Contents | March 2004

More on poetry from The Atlantic Monthly.


The Atlantic Monthly | March 2004
 
The Diamond Cutter

by Thomas Lux
 
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audioear pictureHear the author read this poem (in RealAudio)


Through the loupe or peepstone it's there: a mini-
dot of air
and, when light shines through
the object, the gletz is visible, via microscope, x-ray scope.
It's a flaw, diminishing
an object: when light,
unimpeded,
passes through it,
the object's brilliance
is most brilliant. A gletz affects
clarity, affects merit.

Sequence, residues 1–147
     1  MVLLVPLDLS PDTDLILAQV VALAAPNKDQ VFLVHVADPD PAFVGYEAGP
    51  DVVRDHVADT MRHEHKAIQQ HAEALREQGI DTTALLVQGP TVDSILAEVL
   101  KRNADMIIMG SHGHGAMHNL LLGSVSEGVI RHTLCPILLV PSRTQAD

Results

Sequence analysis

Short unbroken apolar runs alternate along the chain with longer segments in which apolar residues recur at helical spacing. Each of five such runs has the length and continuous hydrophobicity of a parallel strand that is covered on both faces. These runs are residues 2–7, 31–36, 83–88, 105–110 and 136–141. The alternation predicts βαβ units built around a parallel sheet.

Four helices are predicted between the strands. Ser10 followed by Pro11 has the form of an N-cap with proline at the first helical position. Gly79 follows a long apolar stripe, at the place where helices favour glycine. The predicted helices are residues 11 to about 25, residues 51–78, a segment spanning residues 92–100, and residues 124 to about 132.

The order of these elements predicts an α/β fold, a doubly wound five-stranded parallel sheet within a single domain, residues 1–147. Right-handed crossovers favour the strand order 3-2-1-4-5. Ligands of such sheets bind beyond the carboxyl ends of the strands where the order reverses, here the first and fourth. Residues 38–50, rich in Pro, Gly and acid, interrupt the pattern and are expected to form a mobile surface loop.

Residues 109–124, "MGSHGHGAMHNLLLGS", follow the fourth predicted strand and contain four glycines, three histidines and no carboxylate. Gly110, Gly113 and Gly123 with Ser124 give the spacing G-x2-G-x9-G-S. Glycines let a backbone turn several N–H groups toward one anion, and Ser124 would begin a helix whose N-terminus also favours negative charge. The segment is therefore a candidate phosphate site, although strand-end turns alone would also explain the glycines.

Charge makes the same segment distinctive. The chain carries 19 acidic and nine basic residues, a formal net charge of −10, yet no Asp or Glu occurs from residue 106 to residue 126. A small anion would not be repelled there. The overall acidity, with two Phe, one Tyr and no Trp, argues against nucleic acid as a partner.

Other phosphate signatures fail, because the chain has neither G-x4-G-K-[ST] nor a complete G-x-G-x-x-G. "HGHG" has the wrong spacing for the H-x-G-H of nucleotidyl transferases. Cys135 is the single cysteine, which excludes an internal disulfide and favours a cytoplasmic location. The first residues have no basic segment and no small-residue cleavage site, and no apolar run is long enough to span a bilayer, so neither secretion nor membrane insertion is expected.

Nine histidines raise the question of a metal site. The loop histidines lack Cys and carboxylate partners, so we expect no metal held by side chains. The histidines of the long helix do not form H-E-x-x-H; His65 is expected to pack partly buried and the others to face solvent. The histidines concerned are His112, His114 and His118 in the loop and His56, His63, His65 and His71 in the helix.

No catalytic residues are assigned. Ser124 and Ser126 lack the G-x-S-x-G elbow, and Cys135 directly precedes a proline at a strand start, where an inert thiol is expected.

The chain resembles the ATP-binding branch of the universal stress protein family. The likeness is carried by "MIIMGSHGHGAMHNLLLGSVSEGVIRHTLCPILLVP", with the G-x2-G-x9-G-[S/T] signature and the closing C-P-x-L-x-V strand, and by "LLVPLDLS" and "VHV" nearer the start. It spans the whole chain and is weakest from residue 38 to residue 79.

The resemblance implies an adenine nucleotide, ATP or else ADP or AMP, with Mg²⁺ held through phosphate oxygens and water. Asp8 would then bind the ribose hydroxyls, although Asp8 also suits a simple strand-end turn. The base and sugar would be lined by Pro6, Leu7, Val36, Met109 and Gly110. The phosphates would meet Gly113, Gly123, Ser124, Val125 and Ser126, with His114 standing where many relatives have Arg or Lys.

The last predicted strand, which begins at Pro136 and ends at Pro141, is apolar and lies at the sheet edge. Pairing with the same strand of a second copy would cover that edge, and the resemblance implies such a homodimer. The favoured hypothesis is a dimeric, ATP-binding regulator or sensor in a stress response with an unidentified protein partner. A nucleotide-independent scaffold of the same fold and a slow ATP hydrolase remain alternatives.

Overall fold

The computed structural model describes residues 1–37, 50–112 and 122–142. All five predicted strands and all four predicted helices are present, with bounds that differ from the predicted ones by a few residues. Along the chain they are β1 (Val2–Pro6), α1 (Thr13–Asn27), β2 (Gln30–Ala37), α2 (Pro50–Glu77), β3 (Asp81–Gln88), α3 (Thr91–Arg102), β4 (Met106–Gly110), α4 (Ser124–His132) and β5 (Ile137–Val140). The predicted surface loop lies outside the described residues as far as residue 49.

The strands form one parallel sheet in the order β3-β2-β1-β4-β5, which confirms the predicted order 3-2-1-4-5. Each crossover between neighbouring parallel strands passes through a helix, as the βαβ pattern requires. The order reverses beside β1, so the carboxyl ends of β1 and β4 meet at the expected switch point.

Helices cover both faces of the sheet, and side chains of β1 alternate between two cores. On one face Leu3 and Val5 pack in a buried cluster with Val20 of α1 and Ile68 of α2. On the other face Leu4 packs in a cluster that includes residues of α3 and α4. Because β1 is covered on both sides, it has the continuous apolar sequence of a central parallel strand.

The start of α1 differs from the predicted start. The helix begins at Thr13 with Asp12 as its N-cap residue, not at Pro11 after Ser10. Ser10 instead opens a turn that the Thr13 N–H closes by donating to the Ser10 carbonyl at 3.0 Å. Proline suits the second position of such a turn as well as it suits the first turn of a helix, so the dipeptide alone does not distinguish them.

It's best if no gletz can be found at all.
The gletz's place matters—higher up: bad news,
lower: less-bad news.
They indicate fragility,
these breathless, cell-sized cells
where two inmates are locked
and each has a knife.


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Thomas Lux's new book, The Cradle Place, in which this poem appears, will be published this month.
Copyright © 2004 by The Atlantic Monthly Group. All rights reserved.
The Atlantic Monthly; March 2004; The Diamond Cutter; Volume 293, No. 2; 62.